Arriving to the social scene in 2020, Clubhouse, the drop-in audio chat app, has already garnered over 10 million weekly active users. The platform provides a space to discuss current events across every industry and interest. Many use it to network or simply connect with others who share the same passions.
Clubhouse marks a notable addition to the rise in exclusive platforms. Joining the ranks of Raya, the super selective dating app for celebrities, and Dispo, the camera app that mimics the disposable camera experience (though Dispo has since removed the invite feature).
After trending on Twitter because of celebrities boasting their Clubhouse rooms, the internet perked its ears at the possibility of the “live podcast” experience. Only capable of joining the app after being sent an invite, there is an allure that makes being a part of the action much more exciting.
We took the opportunity to do our own due diligence and find out what people think about the app.
In response to the invite feature, one user noted, “It got me interested. I wanted to see what it was all about.” This has been the case with many, deciding to opt in because plenty of people are not given the chance to. Being told that something is off limits tends to increase its desire. The initial rollout was restrictive to iOS devices, but as recently as a few days ago, it was reported that an Android version is now available in beta.
However, there is a noticeable generational difference between users when it comes to long-term use. Many millennials and Gen Zers have remarked that after learning the ins and outs, they have not returned to the app. “I have since listened to a few talks that were interesting—on social media, on home buying, on food media—but I haven’t gone back in a while because the fact that it’s scheduled (live) is difficult to me,” a millennial states. A Gen Z user continues, “I opened it once when I first downloaded it and I haven’t used it since. I’m not really interested currently!”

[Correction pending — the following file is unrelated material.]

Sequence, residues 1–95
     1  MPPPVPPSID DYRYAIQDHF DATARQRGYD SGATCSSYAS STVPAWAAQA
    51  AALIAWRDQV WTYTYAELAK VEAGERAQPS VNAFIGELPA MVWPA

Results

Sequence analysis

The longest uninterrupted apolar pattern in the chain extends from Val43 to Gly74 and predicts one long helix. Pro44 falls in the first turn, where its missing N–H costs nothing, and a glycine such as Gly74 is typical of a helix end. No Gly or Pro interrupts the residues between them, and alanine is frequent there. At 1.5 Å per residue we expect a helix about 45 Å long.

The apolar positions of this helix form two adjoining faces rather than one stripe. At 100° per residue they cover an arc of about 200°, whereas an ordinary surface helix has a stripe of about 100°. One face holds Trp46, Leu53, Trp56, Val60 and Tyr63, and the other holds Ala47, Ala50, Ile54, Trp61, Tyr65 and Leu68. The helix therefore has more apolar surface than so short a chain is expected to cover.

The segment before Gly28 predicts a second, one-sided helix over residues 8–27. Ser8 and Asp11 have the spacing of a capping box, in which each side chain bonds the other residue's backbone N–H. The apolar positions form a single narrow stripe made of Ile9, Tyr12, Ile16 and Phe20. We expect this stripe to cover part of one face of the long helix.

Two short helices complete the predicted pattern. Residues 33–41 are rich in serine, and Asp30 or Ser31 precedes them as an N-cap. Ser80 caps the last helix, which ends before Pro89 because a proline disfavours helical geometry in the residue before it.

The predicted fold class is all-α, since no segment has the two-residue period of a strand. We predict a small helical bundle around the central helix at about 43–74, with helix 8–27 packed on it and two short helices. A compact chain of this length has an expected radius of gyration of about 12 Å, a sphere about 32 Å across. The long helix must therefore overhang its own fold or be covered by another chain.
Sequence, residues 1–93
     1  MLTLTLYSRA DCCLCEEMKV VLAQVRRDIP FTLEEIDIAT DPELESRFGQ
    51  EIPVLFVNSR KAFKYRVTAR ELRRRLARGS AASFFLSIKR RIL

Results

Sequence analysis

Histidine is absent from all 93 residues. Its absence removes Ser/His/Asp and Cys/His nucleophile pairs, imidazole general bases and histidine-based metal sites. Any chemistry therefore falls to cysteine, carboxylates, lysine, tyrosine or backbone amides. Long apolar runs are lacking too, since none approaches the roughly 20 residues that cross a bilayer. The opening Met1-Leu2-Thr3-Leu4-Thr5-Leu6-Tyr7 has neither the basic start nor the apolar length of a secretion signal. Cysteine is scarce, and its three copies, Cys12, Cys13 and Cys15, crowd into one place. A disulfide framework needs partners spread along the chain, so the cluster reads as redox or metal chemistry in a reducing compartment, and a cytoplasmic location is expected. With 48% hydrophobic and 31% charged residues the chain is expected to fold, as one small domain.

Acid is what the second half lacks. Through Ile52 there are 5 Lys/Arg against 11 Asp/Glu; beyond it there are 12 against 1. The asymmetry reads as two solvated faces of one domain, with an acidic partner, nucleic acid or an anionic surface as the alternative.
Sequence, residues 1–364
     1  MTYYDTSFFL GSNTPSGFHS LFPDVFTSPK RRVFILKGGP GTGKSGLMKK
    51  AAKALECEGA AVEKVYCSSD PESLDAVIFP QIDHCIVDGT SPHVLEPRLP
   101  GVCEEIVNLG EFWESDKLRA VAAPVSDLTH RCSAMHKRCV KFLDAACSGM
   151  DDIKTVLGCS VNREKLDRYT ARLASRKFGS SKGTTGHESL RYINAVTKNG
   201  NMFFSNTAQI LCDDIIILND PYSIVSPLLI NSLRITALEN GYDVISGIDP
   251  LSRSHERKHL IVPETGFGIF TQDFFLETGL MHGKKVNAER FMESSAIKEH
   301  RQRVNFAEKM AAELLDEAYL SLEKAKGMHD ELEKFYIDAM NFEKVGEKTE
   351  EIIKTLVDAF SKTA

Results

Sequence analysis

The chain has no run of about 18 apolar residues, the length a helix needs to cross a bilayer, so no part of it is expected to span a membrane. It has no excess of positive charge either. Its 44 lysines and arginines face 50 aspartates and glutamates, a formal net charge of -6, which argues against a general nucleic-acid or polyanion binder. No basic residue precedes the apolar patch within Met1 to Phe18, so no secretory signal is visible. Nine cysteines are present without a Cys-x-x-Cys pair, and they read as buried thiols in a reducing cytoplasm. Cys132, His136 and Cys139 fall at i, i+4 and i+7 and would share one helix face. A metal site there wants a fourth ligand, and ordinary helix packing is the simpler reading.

On the flip side, some Gen Xers remain avid users of the platform and appreciate the spontaneity of the chats. One explains, “I love the instant intimacy and the ability to quickly meet and get to know very high value prospects. I’ve taken about 20 meetings with people I’ve met off of Clubhouse so far and will probably do business with half of them.”
And while the app has grown to incorporate a wide range of communities, the first folks to adopt it were largely in the startup, music creation, and tech spaces. Since then, those who work in social media, Black entrepreneurs, and business women have taken up considerable space. Rooms like the Creative Executive Officers club and the Influencer Marketing Secrets club have amassed 88,000 and 53,000 followers respectively. Brands are also joining in on the action, with IHOP creating a room dedicated to the sizzling sounds of cooking bacon to attract listeners. Restaurant Brands International (RBI), who oversees Popeyes, opened a room to discuss the company’s post earnings. Kool-Aid, Milk Bar, and Politico are also building their individual platforms on the app.
Clubhouse’s exponential success can in part be attributed to its initial guise of exclusivity. In February of 2021 alone, the app received over nine million downloads. However, this rise has taken a nosedive with only 900,000 new downloads in April 2021. As the invitation-only allure wears off, Clubhouse must find a way to re-engage the younger generation if it hopes to be the next big thing in social.
How exactly should you be including the younger generation on this app? Give some thought to networking and themed rooms. This is a great place to meet influencers to discuss the big ideas across industries. There is also much to be said about the behind-the-scenes scoop. It can incentivize users to stick around longer and return to the platform.
Getting down to it, Clubhouse is just another app that has jumped on the exclusive bandwagon. Labeled as a marketing win, the buzz it generates is too good to pass up. Will the future of app launches follow suit? It may be too soon to tell, but we wouldn’t be surprised if they did.
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